Although other drugs like antidepressants and some plant-based medicines might be prescribed for pain in FM, only three medications are approved by the FDA. Milnacipran (Savella®) and duloxetine (Cymbalta) are serotonin-norepinephrine reuptake inhibitors (SNRIs), which increase the amounts of these pain-controlling chemicals at nerve endings in the brain and spinal cord (CNS). The third FDA-approved treatment for FM is pregabalin (Lyrica®), which is a medication given for seizures that calms excitable nerves in the CNS. None of these drugs have been compared against the others in clinical trials.

Milnacipran was approved by the FDA in 2009 solely for the treatment of FM. It is moderately effective at relieving chronic widespread pain and improving people’s ability to function. It also helps relieve fatigue and bolster thought processes. About half of patients taking milnacipran in clinical studies reported noticing benefits after 1 week of treatment. Although milnacipran is marketed in other countries for the treatment of depression, it is not FDA-approved for this purpose in the United States.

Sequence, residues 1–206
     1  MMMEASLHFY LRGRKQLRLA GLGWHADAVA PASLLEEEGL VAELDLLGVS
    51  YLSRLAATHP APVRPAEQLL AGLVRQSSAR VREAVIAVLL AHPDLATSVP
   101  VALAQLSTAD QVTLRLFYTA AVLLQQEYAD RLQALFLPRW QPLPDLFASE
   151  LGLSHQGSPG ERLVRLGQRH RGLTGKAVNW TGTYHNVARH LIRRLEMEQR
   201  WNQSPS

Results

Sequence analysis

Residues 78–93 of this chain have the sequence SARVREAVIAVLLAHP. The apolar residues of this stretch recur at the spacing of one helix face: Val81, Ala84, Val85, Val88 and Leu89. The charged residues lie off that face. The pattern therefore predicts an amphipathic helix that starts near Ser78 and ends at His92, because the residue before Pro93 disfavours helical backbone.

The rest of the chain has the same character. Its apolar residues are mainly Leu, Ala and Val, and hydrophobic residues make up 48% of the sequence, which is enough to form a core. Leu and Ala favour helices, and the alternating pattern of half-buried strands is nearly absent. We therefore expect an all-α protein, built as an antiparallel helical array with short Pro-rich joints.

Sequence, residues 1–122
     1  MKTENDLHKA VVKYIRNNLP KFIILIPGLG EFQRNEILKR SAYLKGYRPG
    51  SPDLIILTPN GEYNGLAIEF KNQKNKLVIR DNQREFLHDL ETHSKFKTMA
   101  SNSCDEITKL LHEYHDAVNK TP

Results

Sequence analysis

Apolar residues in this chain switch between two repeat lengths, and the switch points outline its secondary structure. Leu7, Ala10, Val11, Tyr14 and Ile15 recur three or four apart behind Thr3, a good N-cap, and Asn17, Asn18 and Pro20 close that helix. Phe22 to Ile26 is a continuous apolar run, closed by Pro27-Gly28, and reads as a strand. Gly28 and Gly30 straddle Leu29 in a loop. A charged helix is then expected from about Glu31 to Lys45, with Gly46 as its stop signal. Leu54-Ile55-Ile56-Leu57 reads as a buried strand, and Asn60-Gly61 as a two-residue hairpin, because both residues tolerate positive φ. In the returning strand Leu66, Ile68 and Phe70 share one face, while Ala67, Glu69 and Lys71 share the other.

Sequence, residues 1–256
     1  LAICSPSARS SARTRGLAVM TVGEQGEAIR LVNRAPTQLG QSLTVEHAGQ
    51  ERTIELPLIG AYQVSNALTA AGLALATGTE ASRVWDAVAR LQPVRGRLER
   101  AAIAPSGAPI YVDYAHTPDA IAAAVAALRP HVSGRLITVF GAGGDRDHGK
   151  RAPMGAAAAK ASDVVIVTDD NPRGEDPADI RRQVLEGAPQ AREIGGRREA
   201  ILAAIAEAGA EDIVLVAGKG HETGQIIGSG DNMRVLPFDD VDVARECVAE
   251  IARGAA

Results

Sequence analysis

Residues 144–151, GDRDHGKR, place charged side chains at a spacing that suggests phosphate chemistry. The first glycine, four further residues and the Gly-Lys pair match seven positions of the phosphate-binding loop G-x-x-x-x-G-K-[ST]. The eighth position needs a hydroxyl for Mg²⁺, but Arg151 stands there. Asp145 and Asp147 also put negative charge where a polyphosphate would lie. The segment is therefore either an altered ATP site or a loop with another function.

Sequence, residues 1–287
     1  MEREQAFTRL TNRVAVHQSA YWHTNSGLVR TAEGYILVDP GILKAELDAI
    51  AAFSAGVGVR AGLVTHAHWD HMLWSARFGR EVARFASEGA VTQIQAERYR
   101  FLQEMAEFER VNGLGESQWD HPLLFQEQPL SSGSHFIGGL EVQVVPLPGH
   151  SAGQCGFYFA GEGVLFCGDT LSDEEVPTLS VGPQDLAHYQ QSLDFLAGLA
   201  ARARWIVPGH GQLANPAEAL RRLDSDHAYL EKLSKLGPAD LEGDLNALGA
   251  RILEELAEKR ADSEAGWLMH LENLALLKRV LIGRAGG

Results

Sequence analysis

What should someone watch for when taking milnacipran? The most frequent side effects include nausea, headache, and constipation. Rarely, a doctor might discontinue the medication if a person’s heart rate or blood pressure goes up too much with treatment. Liver enzyme blood tests should be watched for increasing levels, which happens rarely. Milnacipran should not be stopped abruptly, but rather tapered down gradually to avoid withdrawal symptoms such as irritability, anxiety, and sleep problems.